Quentin Tarantino’s comments won’t change, despite continuing pressure from police. Quentin Tarantino’s comments were further explained last night on MSNBC. He reassured his supporters and detractors that he isn’t going back on statements he made at an anti-police brutality rally in New York City.
The controversy started after Tarantino joined an anti-police brutality march called Rise Up October. The protesters marched through Manhattan with signs and megaphones on high. Tarantino flew in from California to join the event, where he was one of the featured speakers. Eleven people were subsequently arrested at the event.
— Mother Jones (@MotherJones) November 5, 2015
The New York Patrolmen’s Benevolent Association (PBA) responded to Tarantino by calling him anti-police, and by criticizing him for glorifying violence in his films. If you see the trailer for his upcoming movie The Hateful Eight, then perhaps the criticism seems valid. That is a violent, revolver-laded, human shooting gallery of a movie. It’s also the type of thing Tarantino fans expect.
Quentin Tarantino explains why he attended a rally against police brutality. https://t.co/hv8gLlmjWh
— MSNBC (@MSNBC) November 5, 2015
But Tarantino said his remarks weren’t aimed at all police officers, just the ones who commit violence against unarmed citizens. He says that he has policemen fans, and trusts that they will not look into his comments as a blanket statement. He doesn’t think they would join the proposed boycott of his work. Tarantino says he is raising an issue that remains problematic.
The Wall Street Journal caught this part of the MSNBC interview in which Tarantino calls out PBA president Patrick Lynch.
“I actually have a whole lot of police officers who are big fans of my work, and they’re not going to take Patrick Lynch’s word on what I said. They’re going to read what I said, they’ll watch this show, they’ll hear what I have to say, and I think they’ll make up their own mind.”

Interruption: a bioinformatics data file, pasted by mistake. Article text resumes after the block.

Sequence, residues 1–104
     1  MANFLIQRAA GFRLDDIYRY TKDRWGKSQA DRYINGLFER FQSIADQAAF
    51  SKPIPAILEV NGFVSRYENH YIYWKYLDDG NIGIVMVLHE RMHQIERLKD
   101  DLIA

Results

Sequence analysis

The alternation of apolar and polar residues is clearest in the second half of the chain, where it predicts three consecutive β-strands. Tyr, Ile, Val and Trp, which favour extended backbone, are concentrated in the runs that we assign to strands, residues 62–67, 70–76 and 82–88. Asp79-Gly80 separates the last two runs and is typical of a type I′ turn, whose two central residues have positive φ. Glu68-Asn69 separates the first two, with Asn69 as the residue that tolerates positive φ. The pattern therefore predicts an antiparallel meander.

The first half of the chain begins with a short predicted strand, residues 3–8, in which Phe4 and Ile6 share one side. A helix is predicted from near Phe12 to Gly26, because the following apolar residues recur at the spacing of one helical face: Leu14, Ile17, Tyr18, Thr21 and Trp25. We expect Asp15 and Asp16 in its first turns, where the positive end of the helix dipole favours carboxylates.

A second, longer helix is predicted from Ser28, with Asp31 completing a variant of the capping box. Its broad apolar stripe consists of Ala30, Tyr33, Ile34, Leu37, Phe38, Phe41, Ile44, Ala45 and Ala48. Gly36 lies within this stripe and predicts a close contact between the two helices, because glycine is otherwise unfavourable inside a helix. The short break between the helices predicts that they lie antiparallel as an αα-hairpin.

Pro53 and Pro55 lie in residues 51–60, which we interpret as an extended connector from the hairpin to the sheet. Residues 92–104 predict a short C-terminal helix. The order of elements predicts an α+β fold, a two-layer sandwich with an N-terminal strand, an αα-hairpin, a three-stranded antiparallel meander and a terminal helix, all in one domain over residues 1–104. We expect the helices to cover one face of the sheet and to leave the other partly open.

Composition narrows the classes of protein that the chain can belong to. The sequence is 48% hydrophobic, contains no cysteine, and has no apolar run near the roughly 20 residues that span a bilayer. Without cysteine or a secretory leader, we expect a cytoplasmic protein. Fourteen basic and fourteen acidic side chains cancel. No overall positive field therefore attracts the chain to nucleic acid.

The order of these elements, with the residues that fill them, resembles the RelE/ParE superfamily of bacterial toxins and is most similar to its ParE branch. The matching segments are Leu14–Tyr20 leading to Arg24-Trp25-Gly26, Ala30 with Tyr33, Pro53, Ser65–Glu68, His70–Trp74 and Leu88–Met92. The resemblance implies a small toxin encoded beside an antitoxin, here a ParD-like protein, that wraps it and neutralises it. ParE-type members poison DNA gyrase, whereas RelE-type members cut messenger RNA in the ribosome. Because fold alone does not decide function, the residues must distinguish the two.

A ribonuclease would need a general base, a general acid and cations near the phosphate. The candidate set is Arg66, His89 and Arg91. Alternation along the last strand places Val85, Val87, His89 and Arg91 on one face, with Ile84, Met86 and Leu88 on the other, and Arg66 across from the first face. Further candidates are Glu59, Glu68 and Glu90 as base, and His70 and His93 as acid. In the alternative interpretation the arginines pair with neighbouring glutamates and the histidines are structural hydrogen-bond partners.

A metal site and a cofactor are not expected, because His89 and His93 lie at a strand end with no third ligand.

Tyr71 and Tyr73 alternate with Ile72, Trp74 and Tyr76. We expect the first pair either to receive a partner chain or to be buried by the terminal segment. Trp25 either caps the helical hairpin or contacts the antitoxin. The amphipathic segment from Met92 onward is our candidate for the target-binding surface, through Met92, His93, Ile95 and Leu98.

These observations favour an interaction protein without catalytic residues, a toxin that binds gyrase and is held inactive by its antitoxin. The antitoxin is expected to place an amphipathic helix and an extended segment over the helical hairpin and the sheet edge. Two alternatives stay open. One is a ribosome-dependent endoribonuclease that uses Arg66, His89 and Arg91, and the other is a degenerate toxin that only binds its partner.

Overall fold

The Wall Street Journal further revealed more charged comments via Tarantino about the police brutality backlash.
“Anybody who acknowledges that there’s a problem in law enforcement in this country right now is considered by law enforcement to be part of the problem. They would rather start arguments with celebrities than examine the concerns put before them by a citizenry that lost trust in them.”
— Hollywood Reporter (@THR) November 5, 2015
Quentin Tarantino has long been criticized for violence in his films. His response has usually revolved around some variation about real life violence being terrible, but movie violence being okay. He has never made the connection and refuses to see any relationship between movie violence and violent people in real life.
Over the years, Tarantino has become highly offended about the controversy that pours in after almost any of his films. He has never taken ownership of the criticism, and has usually been dismissive of the critics.
Despite the proposed boycott, film analysts don’t think the comments will hurt ticket sales for The Hateful Eight. The film is scheduled for a Christmas release. Unless America has developed the same kind of distaste for cinematic violence as it has for real life violence, then Tarantino may once again rake in box office profits.
Variety interviewed analyst Jeff Bock about the potential backlash to Tarantino’s next film.
“It’s a minor distraction. People love Quentin Tarantino as a filmmaker and an artist, and whatever he does on the side is white noise. It’s not going to stop people from watching his movies. He has a few personality wrinkles, but we’re not talking about Roman Polanski here.”
Roman Polanski refers to the international filmmaker who committed an awful sex crime, but still managed to win Academy Awards afterwards. Quentin Tarantino’s comments are much milder, in comparison.
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